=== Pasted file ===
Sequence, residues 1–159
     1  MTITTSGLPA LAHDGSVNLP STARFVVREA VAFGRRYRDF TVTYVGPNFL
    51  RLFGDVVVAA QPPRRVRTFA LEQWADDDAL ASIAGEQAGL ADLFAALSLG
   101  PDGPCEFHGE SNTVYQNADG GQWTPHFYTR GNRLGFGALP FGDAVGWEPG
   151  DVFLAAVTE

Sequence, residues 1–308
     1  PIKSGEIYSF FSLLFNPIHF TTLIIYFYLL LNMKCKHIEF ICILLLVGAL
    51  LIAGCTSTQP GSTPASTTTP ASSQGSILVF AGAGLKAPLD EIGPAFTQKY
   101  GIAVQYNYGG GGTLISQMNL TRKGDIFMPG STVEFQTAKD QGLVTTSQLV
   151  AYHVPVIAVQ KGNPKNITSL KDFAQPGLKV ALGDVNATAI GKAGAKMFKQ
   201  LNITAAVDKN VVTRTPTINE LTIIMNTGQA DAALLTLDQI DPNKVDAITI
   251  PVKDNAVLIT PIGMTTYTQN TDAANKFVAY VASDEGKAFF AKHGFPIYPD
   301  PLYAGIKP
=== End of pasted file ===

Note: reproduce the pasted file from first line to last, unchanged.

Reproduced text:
Sequence, residues 1–159
     1  MTITTSGLPA LAHDGSVNLP STARFVVREA VAFGRRYRDF TVTYVGPNFL
    51  RLFGDVVVAA QPPRRVRTFA LEQWADDDAL ASIAGEQAGL ADLFAALSLG
   101  PDGPCEFHGE SNTVYQNADG GQWTPHFYTR GNRLGFGALP FGDAVGWEPG
   151  DVFLAAVTE

Sequence, residues 1–308
     1  PIKSGEIYSF FSLLFNPIHF TTLIIYFYLL LNMKCKHIEF ICILLLVGAL
    51  LIAGCTSTQP GSTPASTTTP ASSQGSILVF AGAGLKAPLD EIGPAFTQKY
   101  GIAVQYNYGG GGTLISQMNL TRKGDIFMPG STVEFQTAKD QGLVTTSQLV
   151  AYHVPVIAVQ KGNPKNITSL KDFAQPGLKV ALGDVNATAI GKAGAKMFKQ
   201  LNITAAVDKN VVTRTPTINE LTIIMNTGQA DAALLTLDQI DPNKVDAITI
   251  PVKDNAVLIT PIGMTTYTQN TDAANKFVAY VASDEGKAFF AKHGFPIYPD
   301  PLYAGIKP